Everyone makes mistakes with money, but the stakes are much higher later in life. As you get older, and closer to retirement, it’s important to be very careful with your finances. A misstep, if it’s not corrected in time, could put you way off track and negatively impact your retirement timeline. It’s important to carefully weigh your decisions about money and make the necessary adjustments along the way. The future you will thank you later.
Using retirement savings as an emergency fund
Your retirement account is not a piggy bank. Don’t rely on your retirement nest egg to bail you out of life’s occasional emergencies. Retirement will be here before you know it, so don’t put your future at risk. Also, know that a hardship withdrawal from your 401(k) will result in fees and penalties.
Unlike a 401(k) loan, a hardship distribution does not have to be repaid. However, you will owe taxes on the distribution because it’s considered income. In addition, if you are less than age 59 ½, you’ll also owe a 10% early withdrawal fee.
Taking out student loans for your children or grandchildren
Put your retirement ahead of higher education for children and grandchildren. Your loved ones can take out loans and get scholarships for college, but no one is going to foot the bill for your retirement. The Consumer Financial Protection Bureau found those age 60 and older are the fastest-growing segment of the student loan market.
Older Americans who have been wrestling with student loans over the past five years have saved $182,000 less for retirement. This will result in a $1.3 trillion retirement savings gap by 2021, according to AARP’s 2017 Financial Innovation Frontiers study.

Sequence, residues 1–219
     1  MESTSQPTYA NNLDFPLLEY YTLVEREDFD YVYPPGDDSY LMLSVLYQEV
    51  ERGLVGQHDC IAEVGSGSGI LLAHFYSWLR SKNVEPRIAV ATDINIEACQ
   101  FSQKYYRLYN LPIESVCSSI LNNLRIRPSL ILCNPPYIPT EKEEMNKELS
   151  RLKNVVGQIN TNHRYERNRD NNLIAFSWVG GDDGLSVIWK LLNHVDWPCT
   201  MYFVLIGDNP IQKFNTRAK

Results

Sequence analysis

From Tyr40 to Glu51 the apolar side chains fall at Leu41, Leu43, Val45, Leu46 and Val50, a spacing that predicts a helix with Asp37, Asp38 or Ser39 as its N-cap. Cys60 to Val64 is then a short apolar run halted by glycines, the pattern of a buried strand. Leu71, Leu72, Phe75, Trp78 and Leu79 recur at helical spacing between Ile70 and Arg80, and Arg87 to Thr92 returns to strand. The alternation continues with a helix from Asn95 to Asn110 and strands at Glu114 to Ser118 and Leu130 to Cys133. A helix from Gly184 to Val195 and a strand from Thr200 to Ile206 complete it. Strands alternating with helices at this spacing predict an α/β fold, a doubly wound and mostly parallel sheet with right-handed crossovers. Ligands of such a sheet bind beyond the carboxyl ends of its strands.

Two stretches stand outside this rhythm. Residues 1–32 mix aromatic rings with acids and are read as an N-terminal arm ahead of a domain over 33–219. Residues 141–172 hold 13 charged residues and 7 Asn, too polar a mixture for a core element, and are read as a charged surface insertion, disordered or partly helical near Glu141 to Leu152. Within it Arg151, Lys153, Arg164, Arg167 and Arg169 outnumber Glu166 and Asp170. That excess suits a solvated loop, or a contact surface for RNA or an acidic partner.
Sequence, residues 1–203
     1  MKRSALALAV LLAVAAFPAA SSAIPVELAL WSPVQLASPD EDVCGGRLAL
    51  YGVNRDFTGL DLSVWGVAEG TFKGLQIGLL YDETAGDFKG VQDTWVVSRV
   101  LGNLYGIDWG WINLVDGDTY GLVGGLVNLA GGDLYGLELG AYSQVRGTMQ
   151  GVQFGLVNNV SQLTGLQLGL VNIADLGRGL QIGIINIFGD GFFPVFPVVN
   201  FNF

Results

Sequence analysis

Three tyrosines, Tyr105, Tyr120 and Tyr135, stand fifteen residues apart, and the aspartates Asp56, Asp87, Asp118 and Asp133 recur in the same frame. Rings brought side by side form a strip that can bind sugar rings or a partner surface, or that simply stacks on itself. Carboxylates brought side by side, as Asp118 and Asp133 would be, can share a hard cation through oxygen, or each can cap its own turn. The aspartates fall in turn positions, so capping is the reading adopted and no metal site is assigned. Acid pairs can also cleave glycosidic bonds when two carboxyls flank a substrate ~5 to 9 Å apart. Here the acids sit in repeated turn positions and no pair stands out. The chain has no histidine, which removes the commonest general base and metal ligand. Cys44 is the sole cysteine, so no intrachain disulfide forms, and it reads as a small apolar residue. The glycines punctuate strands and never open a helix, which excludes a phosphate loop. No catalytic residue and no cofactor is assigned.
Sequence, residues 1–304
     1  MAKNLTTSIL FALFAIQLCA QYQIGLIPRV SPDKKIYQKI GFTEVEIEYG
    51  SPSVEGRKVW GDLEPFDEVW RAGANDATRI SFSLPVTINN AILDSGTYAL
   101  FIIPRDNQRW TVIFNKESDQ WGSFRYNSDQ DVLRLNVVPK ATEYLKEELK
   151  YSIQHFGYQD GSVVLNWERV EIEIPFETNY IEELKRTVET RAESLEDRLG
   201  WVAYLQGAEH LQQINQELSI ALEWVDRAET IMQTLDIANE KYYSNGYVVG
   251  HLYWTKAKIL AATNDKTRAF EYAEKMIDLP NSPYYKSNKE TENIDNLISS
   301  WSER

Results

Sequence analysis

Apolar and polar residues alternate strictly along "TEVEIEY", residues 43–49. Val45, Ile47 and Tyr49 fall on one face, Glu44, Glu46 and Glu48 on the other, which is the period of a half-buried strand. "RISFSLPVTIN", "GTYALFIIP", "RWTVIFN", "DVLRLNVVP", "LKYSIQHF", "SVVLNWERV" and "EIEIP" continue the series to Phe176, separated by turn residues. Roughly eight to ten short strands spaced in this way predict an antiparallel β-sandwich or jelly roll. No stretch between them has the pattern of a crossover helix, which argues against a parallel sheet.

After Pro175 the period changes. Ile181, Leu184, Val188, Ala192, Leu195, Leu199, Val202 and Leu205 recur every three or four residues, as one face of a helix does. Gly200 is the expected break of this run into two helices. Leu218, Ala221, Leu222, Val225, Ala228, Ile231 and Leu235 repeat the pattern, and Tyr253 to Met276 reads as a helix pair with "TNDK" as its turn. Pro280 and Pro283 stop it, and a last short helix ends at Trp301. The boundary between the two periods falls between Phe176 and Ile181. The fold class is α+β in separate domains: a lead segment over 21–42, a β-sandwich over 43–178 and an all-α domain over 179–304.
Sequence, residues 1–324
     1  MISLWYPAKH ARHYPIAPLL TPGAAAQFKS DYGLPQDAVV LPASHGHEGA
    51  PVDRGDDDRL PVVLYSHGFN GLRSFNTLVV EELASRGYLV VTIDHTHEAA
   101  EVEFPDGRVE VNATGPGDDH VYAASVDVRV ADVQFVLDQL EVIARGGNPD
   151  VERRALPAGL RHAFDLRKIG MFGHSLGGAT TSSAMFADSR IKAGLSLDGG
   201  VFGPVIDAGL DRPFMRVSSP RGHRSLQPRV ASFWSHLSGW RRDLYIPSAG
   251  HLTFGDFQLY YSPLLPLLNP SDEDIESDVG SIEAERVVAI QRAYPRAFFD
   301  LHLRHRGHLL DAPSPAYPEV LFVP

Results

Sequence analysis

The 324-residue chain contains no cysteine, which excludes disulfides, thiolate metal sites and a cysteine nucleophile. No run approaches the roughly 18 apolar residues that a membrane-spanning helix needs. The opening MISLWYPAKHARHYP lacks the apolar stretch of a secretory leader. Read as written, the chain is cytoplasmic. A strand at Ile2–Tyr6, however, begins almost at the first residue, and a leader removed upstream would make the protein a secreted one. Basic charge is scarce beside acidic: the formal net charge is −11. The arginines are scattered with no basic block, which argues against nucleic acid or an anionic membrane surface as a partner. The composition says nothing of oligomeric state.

Not setting boundaries with “boomerang” children
When an adult child experiences financial difficulty, he or she might decide to move back home (this group has been given the nickname “boomerang kids”). If your child falls on hard times, it’s not unusual for you to want to help. However, it’s important to have some rules in place so your loved one doesn’t deplete your financial resources.
Instead of allowing your adult child to live with you indefinitely (unless that’s what you’ve both agreed on), set a timeline for when your child will get a full-time job and move out. Also put rules in place for how he or she will contribute financially.
Thinking it’s too late to save
If you’re older and you don’t have an emergency savings fund, or you don’t have retirement savings, you might think your chance to save is long gone. However, it’s never too late to start saving money. Every dollar counts and the sooner you start, even if it’s in your 50s or later, the better. If saving has been difficult for you, make savings easier by setting up automatic withdrawals so that money from your checking account is transferred directly to savings.